HeartVista, a provider of artificial intelligence (AI)-powered MRI solutions, announces that it has been selected by Calif.-based Stanford Health Care to deliver its One Click MRI acquisition software on the hospital’s existing Siemens Healthineers and GE Healthcare scanners. The initial three-year agreement will enable Stanford Health Care to grow their cardiac MRI practice with on-site customer support and training provided by HeartVista. The AI-enabled MRI technology will be used by the health system’s radiology and cardiology departments.
The use of cardiac MRI, also known as cardiac MR (CMR), has been underutilized in clinical practice, despite its ability to more accurately diagnose and aid in the management of cardiovascular disease. This is often due to several factors, including lack of trained technologists, high cost to the healthcare system, long scan time, and complexity of use. By increasing the throughput of existing MRI machine and simplifying the operation down to a just few clicks by the technologist, HeartVista’s technology will allow clinicians to produce diagnostic-level images in a fraction of the time and perform more CMRs, without the need for new machines or personnel.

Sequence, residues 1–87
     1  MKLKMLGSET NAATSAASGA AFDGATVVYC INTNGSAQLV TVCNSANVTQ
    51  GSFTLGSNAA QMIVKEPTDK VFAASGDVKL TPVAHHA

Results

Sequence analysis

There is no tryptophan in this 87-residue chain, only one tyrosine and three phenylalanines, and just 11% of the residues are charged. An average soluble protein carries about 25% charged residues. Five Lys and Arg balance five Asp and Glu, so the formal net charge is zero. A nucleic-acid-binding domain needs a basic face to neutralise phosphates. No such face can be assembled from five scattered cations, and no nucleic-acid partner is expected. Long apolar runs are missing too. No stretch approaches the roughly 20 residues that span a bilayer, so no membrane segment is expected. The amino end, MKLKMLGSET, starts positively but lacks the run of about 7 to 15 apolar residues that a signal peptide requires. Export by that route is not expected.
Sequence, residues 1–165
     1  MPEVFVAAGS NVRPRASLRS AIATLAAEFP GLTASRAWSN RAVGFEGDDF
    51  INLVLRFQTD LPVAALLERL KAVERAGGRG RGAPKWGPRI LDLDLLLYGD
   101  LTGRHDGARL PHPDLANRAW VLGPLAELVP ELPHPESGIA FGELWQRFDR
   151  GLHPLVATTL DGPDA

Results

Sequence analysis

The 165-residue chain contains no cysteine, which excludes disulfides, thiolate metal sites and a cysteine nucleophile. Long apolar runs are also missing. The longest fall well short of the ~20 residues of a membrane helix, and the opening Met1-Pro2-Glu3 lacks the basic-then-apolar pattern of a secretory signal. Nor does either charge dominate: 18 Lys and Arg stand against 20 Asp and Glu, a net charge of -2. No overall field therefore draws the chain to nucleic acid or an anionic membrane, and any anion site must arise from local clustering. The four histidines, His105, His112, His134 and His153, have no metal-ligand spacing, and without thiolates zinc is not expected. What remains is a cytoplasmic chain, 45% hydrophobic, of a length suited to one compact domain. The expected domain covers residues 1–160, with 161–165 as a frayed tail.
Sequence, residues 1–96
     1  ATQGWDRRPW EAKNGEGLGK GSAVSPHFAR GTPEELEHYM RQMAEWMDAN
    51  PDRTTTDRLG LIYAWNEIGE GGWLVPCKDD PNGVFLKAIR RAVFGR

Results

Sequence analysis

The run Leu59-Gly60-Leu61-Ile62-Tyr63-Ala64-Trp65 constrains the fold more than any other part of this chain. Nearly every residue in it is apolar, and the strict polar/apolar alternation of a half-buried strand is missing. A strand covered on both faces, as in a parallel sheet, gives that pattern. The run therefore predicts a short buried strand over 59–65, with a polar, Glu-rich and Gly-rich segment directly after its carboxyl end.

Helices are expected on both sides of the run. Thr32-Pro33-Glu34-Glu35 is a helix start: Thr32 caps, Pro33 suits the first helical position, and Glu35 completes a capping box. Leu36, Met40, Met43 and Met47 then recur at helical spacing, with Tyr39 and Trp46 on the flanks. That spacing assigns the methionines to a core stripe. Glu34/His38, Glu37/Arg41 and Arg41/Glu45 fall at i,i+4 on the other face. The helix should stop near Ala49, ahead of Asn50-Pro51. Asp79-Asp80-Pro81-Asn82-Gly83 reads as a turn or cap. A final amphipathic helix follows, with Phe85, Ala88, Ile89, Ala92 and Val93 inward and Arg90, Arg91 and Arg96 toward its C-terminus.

“The demand for CMR has skyrocketed as of late, but with no practical way of meeting the needs of clinicians without significant investment from healthcare systems in capital expenditure and new personnel,” says Itamar Kandel, CEO officer of HeartVista. “We believe that by providing cardiovascular centers of excellence like Stanford Health Care with our One-Click cardiac package, we can provide physicians with improved cardiac MRI studies, while also reducing the burden to the system and technologists.”
“The validation for CMR as a first-line diagnostic tool continues to gain momentum,” adds Bob Hu, MD, chief medical officer of HeartVista. “With new clinical guidelines designating CMR as a Class I Recommendation for chest pain, the emerging trend of post-COVID myocarditis, and a groundbreaking study in the New England Journal of Medicine demonstrating that CMR is the first non-invasive test that is non-inferior to the invasive Fractional Flow Reserve (FFR), we believe adoption for our technology is the only viable way hospitals would be able to handle the increase in CMR demand.”
The agreement between Stanford Health Care and HeartVista went into effect on January 1, and following staff training and scheduling, patient scans are to commence later this month.